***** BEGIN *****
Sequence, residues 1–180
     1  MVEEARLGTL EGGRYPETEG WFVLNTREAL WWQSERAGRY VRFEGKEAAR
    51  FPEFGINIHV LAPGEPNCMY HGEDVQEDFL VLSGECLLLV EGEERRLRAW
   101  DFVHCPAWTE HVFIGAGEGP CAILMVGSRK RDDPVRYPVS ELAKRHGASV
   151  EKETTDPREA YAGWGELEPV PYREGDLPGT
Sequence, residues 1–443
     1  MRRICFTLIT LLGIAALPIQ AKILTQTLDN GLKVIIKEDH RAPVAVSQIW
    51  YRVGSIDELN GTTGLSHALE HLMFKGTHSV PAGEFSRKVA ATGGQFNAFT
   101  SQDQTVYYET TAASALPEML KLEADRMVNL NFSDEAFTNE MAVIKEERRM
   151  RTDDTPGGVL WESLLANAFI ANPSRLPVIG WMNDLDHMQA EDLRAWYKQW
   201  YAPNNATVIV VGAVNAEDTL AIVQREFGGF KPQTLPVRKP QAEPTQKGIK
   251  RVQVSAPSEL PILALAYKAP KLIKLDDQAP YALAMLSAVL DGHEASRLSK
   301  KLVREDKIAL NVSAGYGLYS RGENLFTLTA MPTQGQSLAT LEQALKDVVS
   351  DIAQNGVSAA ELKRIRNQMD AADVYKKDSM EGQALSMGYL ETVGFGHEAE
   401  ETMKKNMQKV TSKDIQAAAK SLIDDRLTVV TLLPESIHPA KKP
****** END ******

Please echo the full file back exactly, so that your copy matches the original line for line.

Sequence, residues 1–180
     1  MVEEARLGTL EGGRYPETEG WFVLNTREAL WWQSERAGRY VRFEGKEAAR
    51  FPEFGINIHV LAPGEPNCMY HGEDVQEDFL VLSGECLLLV EGEERRLRAW
   101  DFVHCPAWTE HVFIGAGEGP CAILMVGSRK RDDPVRYPVS ELAKRHGASV
   151  EKETTDPREA YAGWGELEPV PYREGDLPGT
Sequence, residues 1–443
     1  MRRICFTLIT LLGIAALPIQ AKILTQTLDN GLKVIIKEDH RAPVAVSQIW
    51  YRVGSIDELN GTTGLSHALE HLMFKGTHSV PAGEFSRKVA ATGGQFNAFT
   101  SQDQTVYYET TAASALPEML KLEADRMVNL NFSDEAFTNE MAVIKEERRM
   151  RTDDTPGGVL WESLLANAFI ANPSRLPVIG WMNDLDHMQA EDLRAWYKQW
   201  YAPNNATVIV VGAVNAEDTL AIVQREFGGF KPQTLPVRKP QAEPTQKGIK
   251  RVQVSAPSEL PILALAYKAP KLIKLDDQAP YALAMLSAVL DGHEASRLSK
   301  KLVREDKIAL NVSAGYGLYS RGENLFTLTA MPTQGQSLAT LEQALKDVVS
   351  DIAQNGVSAA ELKRIRNQMD AADVYKKDSM EGQALSMGYL ETVGFGHEAE
   401  ETMKKNMQKV TSKDIQAAAK SLIDDRLTVV TLLPESIHPA KKP